So what are they doing with that power?

Gen X Wish Fulfillment

Five years ago, Peter Thiel lamented that we were promised spaceships and flying cars, but all we got were 140 characters. The sentiment, in various forms, became common place. Why wasn’t Silicon Valley investing in hard problems?

Not surprisingly, it seems as if the peak of that disenchantment actually coincided with an incredible resurgence in investment in deep technology.

Gen X is, in the aggregate, almost canonically described as cynical and disenchanted. But with the ascendence of science fiction into Hollywood in the 1970s, they grew up seeing the future through the lens of technology. The boom in personal computing, followed by the internet, filled their formative years. True, huge initiatives of the 1970s around space and clean energy faltered and almost expired. But while there were disappointments, like the Space Shuttle, they also saw the end of the Cold War, and the phenomenal growth in the technology industry.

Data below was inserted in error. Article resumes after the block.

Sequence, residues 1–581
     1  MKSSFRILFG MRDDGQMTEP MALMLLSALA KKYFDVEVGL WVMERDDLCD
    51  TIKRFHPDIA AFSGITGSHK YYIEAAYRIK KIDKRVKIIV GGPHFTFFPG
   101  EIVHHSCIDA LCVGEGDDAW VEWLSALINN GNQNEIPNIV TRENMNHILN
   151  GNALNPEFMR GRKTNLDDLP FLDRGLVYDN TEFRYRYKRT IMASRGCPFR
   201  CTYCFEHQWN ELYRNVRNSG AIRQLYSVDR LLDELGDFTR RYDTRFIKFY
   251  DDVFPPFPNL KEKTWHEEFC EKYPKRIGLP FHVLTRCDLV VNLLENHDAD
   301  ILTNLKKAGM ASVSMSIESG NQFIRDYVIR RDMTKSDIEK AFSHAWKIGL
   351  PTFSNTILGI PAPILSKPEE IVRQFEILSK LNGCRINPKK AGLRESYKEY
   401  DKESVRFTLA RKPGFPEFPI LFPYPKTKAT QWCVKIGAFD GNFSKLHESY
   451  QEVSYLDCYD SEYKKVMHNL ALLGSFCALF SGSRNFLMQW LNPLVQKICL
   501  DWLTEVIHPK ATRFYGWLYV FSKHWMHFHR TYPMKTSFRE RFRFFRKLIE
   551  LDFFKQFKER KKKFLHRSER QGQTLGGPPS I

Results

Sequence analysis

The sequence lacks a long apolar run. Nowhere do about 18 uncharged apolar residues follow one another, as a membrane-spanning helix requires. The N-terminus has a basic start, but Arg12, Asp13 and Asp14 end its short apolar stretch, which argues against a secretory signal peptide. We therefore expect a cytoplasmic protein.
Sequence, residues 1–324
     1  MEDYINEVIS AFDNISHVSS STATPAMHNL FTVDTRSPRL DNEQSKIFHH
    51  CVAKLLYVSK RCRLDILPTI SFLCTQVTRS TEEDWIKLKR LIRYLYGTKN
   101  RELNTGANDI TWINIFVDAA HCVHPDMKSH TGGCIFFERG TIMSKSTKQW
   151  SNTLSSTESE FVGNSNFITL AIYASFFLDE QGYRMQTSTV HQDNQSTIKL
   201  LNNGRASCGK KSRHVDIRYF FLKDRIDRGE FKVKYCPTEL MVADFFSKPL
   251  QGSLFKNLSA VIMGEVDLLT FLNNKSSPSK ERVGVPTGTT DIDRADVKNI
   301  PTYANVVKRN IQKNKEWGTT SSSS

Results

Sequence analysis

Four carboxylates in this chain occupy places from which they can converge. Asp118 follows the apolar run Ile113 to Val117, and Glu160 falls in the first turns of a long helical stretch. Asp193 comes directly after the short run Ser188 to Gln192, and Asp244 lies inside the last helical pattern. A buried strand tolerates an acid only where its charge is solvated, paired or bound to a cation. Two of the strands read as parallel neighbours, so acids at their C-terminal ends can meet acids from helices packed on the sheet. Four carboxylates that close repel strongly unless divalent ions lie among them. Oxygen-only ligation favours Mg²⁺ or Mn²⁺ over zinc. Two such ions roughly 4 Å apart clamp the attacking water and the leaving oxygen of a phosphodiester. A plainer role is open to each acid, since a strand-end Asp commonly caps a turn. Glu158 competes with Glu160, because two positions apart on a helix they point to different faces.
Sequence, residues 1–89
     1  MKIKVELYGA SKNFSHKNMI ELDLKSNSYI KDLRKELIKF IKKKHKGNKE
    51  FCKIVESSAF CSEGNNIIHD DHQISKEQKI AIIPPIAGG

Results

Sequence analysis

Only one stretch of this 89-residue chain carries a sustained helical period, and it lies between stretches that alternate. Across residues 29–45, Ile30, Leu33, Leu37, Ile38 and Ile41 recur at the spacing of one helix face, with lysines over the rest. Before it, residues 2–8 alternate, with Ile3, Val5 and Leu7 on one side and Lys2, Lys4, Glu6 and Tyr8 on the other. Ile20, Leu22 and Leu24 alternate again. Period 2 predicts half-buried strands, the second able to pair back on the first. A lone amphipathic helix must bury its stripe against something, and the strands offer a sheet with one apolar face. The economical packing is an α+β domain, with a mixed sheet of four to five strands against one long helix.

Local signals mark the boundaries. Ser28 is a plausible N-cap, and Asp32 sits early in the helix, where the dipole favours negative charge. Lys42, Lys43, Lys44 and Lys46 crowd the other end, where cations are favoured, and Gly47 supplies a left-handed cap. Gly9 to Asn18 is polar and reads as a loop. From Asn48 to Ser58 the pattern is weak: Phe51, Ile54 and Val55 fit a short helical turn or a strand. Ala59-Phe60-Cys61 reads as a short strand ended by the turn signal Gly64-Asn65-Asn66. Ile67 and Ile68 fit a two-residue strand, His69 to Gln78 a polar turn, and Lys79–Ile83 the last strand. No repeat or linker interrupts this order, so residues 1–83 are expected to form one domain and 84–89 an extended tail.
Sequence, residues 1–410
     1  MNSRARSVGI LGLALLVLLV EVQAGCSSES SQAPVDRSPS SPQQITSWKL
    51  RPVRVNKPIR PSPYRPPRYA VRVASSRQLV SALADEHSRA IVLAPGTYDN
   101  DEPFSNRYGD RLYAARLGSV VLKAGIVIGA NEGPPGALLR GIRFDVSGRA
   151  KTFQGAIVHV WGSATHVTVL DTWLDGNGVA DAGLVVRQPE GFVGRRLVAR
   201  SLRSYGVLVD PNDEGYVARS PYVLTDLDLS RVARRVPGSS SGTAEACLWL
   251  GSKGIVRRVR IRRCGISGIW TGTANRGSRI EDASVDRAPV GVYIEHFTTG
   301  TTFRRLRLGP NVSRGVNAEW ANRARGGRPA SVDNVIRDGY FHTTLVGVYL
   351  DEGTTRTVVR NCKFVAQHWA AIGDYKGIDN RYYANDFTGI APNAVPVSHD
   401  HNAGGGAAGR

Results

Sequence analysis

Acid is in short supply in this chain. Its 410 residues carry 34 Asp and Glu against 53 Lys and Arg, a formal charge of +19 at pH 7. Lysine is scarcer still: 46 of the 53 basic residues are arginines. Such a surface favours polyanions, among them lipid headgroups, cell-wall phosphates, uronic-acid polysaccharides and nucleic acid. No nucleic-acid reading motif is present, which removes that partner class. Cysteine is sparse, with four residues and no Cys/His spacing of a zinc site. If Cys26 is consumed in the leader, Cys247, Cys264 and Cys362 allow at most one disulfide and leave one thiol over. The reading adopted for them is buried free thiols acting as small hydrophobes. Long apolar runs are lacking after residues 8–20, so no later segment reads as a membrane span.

Is it really so surprising that a subset of this generation, in this brief window, has decided to invest its economic power into tackling the problems the previous generations failed to deliver?

Electric cars. Clean Energy. Gene Editing. Space Travel. Drones. Artificial Intelligence. Man-made diamonds. Robots.

Even our comic book movies have become phenomenal, mostly thanks to Jon Favreau.

Dreams transformed into reality.

Can Gen X Inspire?

Make no mistake, Gen X stands on the shoulders of giants. The previous generation gave us the economic and technology platforms to make these dreams become reality. Gen X deserves credit for not giving up on those dreams, and finding innovative ways to push through old barriers and find new solutions.

After winning World War II, the Greatest Generation inspired a whole new generation of scientists and engineers with their audacious efforts in technology in the 1950s & 60s. We may be witnessing a similar era, a decade where the technological achievements of this generation ripple through the children of today, and play out in second half of this century.

So many of the technical dreams I discussed eagerly with friends in high school and college are now actively being delivered to market, just twenty years later. It is an incredibly exciting time to be in technology.

Personally, I hope this generation will not only hand off and even better set of opportunities to the next, but we’ll use this brief window of time to inspire an even younger generation to reach for the stars.